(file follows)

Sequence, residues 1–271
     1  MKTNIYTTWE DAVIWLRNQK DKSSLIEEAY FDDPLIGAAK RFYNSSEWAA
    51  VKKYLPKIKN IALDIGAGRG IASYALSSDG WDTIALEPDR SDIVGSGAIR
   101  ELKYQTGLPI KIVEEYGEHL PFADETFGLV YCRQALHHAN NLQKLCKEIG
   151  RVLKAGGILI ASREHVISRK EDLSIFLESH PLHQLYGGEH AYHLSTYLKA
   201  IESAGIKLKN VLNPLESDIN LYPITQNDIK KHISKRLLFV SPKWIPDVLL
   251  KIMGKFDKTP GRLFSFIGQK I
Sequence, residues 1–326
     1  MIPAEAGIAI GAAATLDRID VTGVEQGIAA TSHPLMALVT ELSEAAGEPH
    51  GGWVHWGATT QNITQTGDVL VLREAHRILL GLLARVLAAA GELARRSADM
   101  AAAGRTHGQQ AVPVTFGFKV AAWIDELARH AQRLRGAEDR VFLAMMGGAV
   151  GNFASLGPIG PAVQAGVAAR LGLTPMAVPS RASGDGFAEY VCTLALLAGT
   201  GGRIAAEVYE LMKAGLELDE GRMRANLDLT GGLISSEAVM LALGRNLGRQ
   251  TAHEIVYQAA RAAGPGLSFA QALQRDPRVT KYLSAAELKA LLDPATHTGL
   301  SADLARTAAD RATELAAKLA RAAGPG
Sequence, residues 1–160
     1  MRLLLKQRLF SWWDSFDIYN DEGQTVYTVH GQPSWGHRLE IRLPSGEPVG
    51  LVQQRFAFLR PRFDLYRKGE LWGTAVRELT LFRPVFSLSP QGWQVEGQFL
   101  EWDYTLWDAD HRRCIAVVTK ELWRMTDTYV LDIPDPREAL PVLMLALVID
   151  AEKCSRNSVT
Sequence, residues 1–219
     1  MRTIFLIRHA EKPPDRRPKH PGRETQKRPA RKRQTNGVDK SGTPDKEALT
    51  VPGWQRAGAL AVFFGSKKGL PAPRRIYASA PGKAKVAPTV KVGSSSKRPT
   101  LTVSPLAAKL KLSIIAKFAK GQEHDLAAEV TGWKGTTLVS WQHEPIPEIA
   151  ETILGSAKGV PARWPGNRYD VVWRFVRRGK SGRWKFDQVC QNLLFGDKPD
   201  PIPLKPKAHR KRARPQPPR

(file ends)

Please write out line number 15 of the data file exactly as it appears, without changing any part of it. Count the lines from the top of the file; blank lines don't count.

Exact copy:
   301  SADLARTAAD RATELAAKLA RAAGPG